Driving himself from gig to gig across Canada, comedian Ron James describes himself as a “boutique operation,” who can tell you all about the rigours of the road. Only half-joking, James says he’s been stuck in primal blizzards a Yeti wouldn’t wander out in and stayed in motels Norman Bates wouldn’t be caught dead running. “Canada is the largest national land mass on Earth and I’ve been running my trap line across it for 15 years,” James declares. “Even though the hotels are more comfortable now and my car is cooler, I’m still logging the kilometres on highways glazed in black ice to get to the gig. It’s been a rewarding ‘white knuckler’ of an adventure.”
Indeed, it has: born in Glace Bay, Cape Breton in 1958 and educated with a BA in history from Acadia University in Wolfville, Nova Scotia, James has become one of Canada’s best known comics. Comedy is a calling, according to James, and while he says he always draw laughs growing up, he didn’t commit until after university when he joined Toronto’s famed improvisational troupe, Second City, staying with them for a decade. Along the way he performed in film and television, with roles in Tommy Boy and Robocop, to name a couple. He appeared before 4.7 million television viewers in 2004 when Conan O’Brien filmed in Toronto, is now heading into his fifth season with his own titular television show, and still tours regularly.
The rewards for all this hard work are many, James says, not the least of which is “the obvious one of seeing a packed theatre laugh their arses off.” More seriously, James is grateful to be carving out a career in a profession that doesn’t suffer fools. But the best part of his work is the discovery of people and places across Canada. “From Cornerbook, Newfoundland to Courtney/Comox, British Columbia, I’ve heard the authentic heart line hum of country beneath my wheels. “It’s a primal pull that grounds me to something far greater than they myopic pursuit of the showbiz grail.”
James doesn’t view comedy as a means to an end, but a way to explain the world in which he lives. Along the way, he’s been able to hone his delivery. Early on, the comic says he approached every performance like a welter-weight before a fight and viewed the audience as opponents he need to pummel into submission. These days James is “more comfortable in his own skin” up on stage and enjoys the experience more. But he doesn’t want you to think he’s becoming complacent either. “Don’t get me wrong,” James says. “I’m still killing, but I ride the waves differently. I’m still nervous when I step out there, but it’s a nervous enthusiasm for the two hours I’m about to experience and not a nervous anxiety.”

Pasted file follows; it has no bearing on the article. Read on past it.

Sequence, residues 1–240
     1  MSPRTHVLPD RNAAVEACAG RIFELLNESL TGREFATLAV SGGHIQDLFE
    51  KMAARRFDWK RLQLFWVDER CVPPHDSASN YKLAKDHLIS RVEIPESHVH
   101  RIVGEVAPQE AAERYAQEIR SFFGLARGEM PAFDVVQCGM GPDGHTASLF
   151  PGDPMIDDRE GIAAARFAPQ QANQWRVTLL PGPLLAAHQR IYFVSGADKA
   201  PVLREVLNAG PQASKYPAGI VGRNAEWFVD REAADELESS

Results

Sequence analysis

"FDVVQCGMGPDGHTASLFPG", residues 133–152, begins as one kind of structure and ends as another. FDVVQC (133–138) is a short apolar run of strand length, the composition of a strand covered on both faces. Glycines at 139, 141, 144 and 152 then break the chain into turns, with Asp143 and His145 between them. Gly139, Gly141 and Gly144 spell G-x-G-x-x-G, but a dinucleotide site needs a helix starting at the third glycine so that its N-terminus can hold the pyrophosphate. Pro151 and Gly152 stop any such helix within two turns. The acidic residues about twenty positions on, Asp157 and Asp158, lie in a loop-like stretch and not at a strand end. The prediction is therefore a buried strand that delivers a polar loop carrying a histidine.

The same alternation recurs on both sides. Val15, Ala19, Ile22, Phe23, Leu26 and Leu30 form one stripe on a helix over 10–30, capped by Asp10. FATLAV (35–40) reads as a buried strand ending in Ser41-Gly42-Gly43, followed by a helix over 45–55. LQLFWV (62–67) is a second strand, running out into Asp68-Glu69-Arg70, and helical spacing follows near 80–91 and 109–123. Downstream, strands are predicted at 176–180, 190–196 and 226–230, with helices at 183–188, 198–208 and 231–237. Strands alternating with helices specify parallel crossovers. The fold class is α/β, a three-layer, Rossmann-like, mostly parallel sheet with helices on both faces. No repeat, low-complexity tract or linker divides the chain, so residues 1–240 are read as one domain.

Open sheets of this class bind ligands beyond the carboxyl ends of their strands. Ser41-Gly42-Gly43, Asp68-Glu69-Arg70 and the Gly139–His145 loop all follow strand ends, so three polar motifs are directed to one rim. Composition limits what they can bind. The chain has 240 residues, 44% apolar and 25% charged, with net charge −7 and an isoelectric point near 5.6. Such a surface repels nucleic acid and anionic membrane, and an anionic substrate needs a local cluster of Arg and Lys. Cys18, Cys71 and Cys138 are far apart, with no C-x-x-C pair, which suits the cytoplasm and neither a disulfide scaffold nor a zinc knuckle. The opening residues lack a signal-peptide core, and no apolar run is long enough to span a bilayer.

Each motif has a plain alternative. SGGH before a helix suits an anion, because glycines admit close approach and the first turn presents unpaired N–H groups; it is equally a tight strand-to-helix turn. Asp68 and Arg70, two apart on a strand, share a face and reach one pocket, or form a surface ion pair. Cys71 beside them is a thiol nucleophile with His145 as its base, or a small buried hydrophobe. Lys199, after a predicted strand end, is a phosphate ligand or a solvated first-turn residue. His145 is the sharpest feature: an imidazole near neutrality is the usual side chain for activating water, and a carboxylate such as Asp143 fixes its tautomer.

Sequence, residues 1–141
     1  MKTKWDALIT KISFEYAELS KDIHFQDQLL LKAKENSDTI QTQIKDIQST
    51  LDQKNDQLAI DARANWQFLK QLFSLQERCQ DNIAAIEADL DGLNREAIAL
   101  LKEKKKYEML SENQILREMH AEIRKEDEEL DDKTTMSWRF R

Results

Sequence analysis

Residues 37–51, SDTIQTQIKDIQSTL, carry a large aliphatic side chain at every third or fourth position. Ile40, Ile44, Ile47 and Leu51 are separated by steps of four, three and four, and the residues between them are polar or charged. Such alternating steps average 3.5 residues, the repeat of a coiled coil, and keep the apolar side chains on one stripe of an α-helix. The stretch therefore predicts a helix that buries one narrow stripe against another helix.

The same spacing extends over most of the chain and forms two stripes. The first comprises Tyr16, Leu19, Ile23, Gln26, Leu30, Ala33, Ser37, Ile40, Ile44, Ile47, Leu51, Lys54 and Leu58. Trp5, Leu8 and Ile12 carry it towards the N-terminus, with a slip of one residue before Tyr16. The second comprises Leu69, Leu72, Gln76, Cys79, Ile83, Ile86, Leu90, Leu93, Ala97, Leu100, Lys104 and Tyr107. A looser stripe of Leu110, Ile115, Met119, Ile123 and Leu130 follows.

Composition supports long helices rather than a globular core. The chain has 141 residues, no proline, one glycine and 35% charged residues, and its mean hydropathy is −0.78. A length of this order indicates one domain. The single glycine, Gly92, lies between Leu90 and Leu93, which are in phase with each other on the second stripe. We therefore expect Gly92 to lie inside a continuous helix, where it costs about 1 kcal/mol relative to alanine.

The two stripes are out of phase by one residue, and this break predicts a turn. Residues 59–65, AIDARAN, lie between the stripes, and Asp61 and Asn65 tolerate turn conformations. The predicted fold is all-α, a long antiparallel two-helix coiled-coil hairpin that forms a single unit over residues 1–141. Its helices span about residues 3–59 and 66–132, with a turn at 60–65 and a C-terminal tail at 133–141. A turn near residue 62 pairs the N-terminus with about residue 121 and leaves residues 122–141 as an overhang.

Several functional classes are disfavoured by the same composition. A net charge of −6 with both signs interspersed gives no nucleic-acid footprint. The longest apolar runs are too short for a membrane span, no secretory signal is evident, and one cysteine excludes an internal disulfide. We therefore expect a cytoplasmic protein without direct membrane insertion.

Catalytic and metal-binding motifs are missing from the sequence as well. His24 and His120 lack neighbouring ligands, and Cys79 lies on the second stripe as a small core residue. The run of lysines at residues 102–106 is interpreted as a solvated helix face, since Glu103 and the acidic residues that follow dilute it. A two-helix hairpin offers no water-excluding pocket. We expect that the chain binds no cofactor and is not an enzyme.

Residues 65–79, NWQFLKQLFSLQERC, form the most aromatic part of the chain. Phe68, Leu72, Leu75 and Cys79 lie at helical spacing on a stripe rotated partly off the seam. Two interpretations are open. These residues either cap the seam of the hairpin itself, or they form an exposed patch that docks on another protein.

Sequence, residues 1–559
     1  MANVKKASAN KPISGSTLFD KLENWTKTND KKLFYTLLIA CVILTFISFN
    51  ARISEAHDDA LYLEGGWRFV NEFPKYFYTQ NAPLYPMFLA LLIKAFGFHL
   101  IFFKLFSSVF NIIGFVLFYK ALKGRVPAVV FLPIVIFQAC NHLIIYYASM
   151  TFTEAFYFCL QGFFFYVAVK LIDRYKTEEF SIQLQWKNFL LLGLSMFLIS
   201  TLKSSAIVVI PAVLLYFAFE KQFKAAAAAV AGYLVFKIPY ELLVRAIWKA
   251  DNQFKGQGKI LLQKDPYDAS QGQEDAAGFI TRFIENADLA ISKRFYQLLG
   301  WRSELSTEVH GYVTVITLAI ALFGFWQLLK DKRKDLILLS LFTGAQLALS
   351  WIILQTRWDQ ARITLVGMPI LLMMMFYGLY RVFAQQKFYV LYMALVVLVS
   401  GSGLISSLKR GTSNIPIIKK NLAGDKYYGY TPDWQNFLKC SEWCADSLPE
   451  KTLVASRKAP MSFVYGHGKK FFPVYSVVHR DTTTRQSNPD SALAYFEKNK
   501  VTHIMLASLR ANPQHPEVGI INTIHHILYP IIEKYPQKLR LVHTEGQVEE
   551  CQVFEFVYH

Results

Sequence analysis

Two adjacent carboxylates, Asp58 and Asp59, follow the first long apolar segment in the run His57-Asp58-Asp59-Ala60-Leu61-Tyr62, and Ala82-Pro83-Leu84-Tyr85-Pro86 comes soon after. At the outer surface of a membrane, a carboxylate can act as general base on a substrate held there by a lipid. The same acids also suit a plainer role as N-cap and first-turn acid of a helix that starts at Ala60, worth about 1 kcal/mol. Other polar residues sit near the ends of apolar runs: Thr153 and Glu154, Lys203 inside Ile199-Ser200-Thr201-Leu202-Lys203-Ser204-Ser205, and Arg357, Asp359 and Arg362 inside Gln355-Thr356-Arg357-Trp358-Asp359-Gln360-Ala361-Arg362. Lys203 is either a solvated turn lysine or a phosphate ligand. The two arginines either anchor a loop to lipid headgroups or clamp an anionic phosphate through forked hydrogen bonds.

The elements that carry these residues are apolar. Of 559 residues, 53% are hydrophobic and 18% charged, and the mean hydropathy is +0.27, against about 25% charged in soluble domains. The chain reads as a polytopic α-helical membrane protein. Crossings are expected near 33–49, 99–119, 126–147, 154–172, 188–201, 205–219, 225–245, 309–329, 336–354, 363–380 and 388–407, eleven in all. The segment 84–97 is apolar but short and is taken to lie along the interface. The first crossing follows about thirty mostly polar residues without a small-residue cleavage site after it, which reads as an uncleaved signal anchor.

Working out material comes a bit easier these days too, but James concedes writing is still 70 per cent perspiration. “The artist who waits for that eureka moment of inspiration doesn’t eat,” he quips. “Plus, I love the way words trip off the tongue and tickle the ear as well as the funny one. So I labour over rhythm, punctuation and clarity.” James says a lot of his material moves straight from the page to the stage, particularly with television, because of the ravenous medium’s appetite for content. But nothing hones the material like the road, the comic says, noting that live performance gives the work an edge a paying audience deserves. “I detest lazy comedy and sloppy delivery. If someone pays $50 to see you, they’d better get a show.”
Generally, Canadian comedy has never been more fertile, James says, and he calls the level of talent and commitment to the craft comedians are currently showing inspiring. Toronto is the proving ground for young comics, but it’s also a supportive and nurturing environment, contrary to its reputation as a “shark-infested environment.” That said, he points out comedians, like any other art form, needs support, something he believes isn’t financially forthcoming from the current government.
In the immediate future, James’ fifth season of his television show kicks off in February, immediately following the Olympics and thus likely guaranteeing him a huge audience. That same month, he’ll start his second leg of his national tour with 20 dates across Ontario. If the series gets picked up for another year, he’s back in the “writing room,” and if not he plans to write his own book. “Either way, I’ll be doing what I do and following my bliss.”